Hi, I’m Emiel De Paepe, one of the developers at Glowfish Interactive. We are currently working on our first indie title, Trifox.
Trifox is a top-down twin-stick action adventure game (that’s a mouthful) set in a unique and colorful world, inspired by classic platform games.
In Trifox you play as a multi-talented fox on a quest to restore their recently invaded and plundered home.
Mix and match between three different and unique play styles, fight your way through swarms of enemies, engage in thrilling boss fights and overcome exciting environmental challenges as you discover that there is more to your quest than meets the eye….
Up until recently we did not have much water in our game, except for some relaxing sandy beaches. But then one of our level designers decided it would be cool to have a platforming section where the player has to cross some river rapids. (He was right, of course!)
This did mean that the water systems we had in place were woefully inadequate to make this work.
So we set out to create a bunch of new shaders and VFX to provide us with fast moving, foamy water, waterfalls, splashes, … On top of that the player could fall in the water, so we also had to prepare for this (unfortunate) event. Today I am going to give you a breakdown of the splash the player makes when they drop to their wet demise. Let’s dive in! 😉
Our game uses a flat colored, low poly look, so that meant we had to make sure the water matched. In reality, when you drop an object in water, depending on the object, a larger body of water can be displaced but usually you only see a lot of smaller water spray splashing in all directions. This very high frequency of detail does not match our game so we wanted to stick to larger shapes. On top of that we wanted to exaggerate the splash so it feels more impactful.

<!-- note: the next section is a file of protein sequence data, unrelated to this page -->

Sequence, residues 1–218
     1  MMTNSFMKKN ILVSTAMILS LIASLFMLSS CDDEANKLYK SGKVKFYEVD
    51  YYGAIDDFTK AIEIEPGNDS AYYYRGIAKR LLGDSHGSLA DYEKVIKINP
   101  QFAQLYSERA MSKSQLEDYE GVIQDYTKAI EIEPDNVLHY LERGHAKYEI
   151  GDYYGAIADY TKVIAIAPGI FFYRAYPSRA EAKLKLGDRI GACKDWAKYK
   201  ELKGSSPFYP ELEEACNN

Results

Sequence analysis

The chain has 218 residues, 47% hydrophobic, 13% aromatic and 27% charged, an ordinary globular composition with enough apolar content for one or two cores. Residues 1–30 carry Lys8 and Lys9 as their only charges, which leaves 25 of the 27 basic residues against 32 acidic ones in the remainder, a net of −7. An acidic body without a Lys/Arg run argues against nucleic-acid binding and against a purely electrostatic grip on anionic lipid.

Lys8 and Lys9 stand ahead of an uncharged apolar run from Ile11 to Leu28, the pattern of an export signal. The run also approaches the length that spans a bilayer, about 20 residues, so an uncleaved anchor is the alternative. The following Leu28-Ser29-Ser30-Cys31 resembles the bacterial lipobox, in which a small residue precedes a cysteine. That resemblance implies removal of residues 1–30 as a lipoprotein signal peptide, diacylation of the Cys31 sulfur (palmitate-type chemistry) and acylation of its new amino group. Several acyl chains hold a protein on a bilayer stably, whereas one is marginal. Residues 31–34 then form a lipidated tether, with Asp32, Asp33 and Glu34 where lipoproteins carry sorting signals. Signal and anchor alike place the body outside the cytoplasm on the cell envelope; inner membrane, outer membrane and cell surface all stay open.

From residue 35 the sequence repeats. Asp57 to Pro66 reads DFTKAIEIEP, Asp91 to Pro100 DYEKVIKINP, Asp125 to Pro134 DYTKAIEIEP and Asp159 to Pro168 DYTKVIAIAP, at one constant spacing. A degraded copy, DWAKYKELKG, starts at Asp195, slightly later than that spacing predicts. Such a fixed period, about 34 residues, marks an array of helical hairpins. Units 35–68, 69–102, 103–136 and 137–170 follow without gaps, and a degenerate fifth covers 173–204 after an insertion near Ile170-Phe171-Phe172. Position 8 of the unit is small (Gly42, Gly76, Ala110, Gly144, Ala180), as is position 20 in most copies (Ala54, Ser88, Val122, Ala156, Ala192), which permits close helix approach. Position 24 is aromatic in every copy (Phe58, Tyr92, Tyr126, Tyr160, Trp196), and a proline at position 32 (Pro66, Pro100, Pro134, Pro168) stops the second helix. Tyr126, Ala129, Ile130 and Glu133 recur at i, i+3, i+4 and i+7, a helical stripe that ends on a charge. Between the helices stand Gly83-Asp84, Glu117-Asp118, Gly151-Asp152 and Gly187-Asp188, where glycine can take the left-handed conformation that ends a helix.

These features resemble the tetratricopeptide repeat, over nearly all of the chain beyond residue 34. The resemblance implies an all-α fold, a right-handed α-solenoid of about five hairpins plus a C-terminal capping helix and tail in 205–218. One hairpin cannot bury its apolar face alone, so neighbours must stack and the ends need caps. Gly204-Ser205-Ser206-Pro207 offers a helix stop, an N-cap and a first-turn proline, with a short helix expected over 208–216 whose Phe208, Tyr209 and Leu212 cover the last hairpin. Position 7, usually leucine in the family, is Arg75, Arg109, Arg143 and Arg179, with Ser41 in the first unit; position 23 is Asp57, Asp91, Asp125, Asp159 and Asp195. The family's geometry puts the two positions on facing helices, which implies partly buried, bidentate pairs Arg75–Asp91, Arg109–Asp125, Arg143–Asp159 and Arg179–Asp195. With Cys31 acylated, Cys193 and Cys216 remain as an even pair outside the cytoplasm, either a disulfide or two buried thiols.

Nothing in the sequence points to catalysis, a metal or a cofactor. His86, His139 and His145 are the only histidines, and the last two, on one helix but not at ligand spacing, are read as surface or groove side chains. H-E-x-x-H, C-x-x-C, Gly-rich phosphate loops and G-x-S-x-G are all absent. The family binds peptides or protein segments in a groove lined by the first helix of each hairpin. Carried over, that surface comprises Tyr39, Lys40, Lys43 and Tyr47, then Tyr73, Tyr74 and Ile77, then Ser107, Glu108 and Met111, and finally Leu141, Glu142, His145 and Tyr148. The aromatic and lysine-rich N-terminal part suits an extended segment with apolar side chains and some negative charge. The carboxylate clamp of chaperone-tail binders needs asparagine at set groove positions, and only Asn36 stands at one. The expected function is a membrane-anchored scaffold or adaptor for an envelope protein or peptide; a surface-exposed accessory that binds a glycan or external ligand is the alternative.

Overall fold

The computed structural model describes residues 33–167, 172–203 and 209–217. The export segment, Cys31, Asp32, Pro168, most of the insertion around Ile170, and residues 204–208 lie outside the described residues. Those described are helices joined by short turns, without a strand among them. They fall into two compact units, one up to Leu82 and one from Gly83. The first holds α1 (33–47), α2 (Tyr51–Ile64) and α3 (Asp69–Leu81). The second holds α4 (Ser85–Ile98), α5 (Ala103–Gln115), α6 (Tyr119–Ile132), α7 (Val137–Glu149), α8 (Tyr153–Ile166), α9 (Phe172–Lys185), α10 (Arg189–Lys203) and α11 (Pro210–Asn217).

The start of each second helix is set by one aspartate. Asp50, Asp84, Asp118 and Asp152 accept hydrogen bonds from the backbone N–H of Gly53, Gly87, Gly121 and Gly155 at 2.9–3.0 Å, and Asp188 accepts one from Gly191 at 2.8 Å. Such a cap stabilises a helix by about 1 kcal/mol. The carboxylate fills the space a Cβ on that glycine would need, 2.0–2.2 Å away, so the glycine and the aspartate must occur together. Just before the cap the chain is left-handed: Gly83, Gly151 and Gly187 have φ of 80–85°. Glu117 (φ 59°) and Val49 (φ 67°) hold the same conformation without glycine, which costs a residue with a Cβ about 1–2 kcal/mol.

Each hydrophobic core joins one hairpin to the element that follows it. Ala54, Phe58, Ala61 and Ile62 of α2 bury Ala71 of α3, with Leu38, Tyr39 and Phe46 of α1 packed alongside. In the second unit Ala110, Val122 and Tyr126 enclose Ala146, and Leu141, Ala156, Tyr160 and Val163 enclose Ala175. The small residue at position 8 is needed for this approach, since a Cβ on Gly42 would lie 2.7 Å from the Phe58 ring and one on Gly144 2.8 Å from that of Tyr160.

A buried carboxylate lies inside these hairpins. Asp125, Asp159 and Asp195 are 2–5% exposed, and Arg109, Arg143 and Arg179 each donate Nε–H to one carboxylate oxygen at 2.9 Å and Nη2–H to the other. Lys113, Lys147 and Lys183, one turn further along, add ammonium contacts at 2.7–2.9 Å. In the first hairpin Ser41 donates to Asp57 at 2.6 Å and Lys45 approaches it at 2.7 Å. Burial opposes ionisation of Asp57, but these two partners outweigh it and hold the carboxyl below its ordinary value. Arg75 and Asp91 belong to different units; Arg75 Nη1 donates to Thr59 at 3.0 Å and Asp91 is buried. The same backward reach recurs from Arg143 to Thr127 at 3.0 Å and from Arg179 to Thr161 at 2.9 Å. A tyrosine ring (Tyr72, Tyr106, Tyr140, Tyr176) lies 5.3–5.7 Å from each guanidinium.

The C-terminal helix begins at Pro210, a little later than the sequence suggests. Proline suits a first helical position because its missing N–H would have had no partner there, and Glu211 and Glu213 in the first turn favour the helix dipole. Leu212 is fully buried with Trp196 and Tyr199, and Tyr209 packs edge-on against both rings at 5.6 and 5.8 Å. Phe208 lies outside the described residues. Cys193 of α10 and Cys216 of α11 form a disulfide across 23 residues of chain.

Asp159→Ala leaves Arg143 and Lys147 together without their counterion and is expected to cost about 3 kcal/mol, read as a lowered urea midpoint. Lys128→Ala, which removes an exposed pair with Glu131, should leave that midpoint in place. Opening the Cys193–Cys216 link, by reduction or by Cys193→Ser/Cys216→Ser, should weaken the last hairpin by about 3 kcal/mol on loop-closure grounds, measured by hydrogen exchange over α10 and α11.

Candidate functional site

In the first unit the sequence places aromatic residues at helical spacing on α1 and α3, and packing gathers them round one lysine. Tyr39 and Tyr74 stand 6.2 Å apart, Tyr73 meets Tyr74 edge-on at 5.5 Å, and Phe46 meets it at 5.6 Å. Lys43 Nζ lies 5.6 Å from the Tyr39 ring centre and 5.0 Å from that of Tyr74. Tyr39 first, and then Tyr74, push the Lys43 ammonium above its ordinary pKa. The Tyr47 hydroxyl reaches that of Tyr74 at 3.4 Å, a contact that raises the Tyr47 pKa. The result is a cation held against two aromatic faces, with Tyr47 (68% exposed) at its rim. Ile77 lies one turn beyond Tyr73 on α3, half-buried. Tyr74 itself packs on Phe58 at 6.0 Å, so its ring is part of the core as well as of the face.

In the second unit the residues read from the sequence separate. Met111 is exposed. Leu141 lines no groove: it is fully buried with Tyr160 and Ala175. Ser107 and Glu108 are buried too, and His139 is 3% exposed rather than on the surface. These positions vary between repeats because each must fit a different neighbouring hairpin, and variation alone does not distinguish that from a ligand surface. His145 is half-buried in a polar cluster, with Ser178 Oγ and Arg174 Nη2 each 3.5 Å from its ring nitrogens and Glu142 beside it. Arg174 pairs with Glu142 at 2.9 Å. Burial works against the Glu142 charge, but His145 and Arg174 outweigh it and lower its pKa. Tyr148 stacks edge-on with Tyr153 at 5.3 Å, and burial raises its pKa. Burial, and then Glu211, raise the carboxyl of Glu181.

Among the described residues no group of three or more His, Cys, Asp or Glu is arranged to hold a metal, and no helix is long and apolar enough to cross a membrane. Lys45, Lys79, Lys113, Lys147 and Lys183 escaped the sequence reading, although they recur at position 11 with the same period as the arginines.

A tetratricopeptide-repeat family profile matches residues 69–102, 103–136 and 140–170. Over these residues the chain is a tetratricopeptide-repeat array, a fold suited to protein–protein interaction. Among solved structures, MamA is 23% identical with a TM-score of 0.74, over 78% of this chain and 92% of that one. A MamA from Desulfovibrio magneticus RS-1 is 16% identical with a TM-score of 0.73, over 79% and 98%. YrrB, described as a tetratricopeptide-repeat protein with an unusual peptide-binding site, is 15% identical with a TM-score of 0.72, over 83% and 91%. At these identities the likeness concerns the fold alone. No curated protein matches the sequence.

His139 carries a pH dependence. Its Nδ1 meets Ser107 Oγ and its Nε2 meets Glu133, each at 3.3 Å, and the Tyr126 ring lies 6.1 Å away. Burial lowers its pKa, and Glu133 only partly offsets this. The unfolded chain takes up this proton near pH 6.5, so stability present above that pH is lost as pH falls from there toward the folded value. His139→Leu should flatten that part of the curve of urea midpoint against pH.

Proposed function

Typically, before I get started, I look around the web to see what other games have done to draw some inspiration from and I bumped into this amazing talk by Simon Schreibt (https://youtu.be/fwKQyDZ4ark). In it, amongst other things, he discusses how they created some of the waterfall effects in Rime. While not all techniques can be used in the same way for a water splash, it did point me in the direction of using geometry for the main body of the splash rather than try to do everything with particles and flipbooks, which would result in a very flat looking effect.
Upward Water Body
Let’s start simple. We need a body of water that splashes up and then drops back into the water.
To achieve this we can adjust a simple cone to match the shape we want. Another similar mesh can be used to mix in the main water body to add some patches of foam. Finally from this mesh, we can cut out some rings and extrude them outwards to create some extra foam going around the cone. To make it all work, all we need to do is have each mesh scale up and then back down over it’s lifetime and we get the above result.
As this forms the core the effect, we should avoid too much color variation; as this would create visual noise, giving less freedom to add additional layers of detail. The focus here is the silhouette.
Radial Water Body
Of course we also need water splashing sideways. So with a similar approach we can create a cone mesh going outwards, and scale it up over time.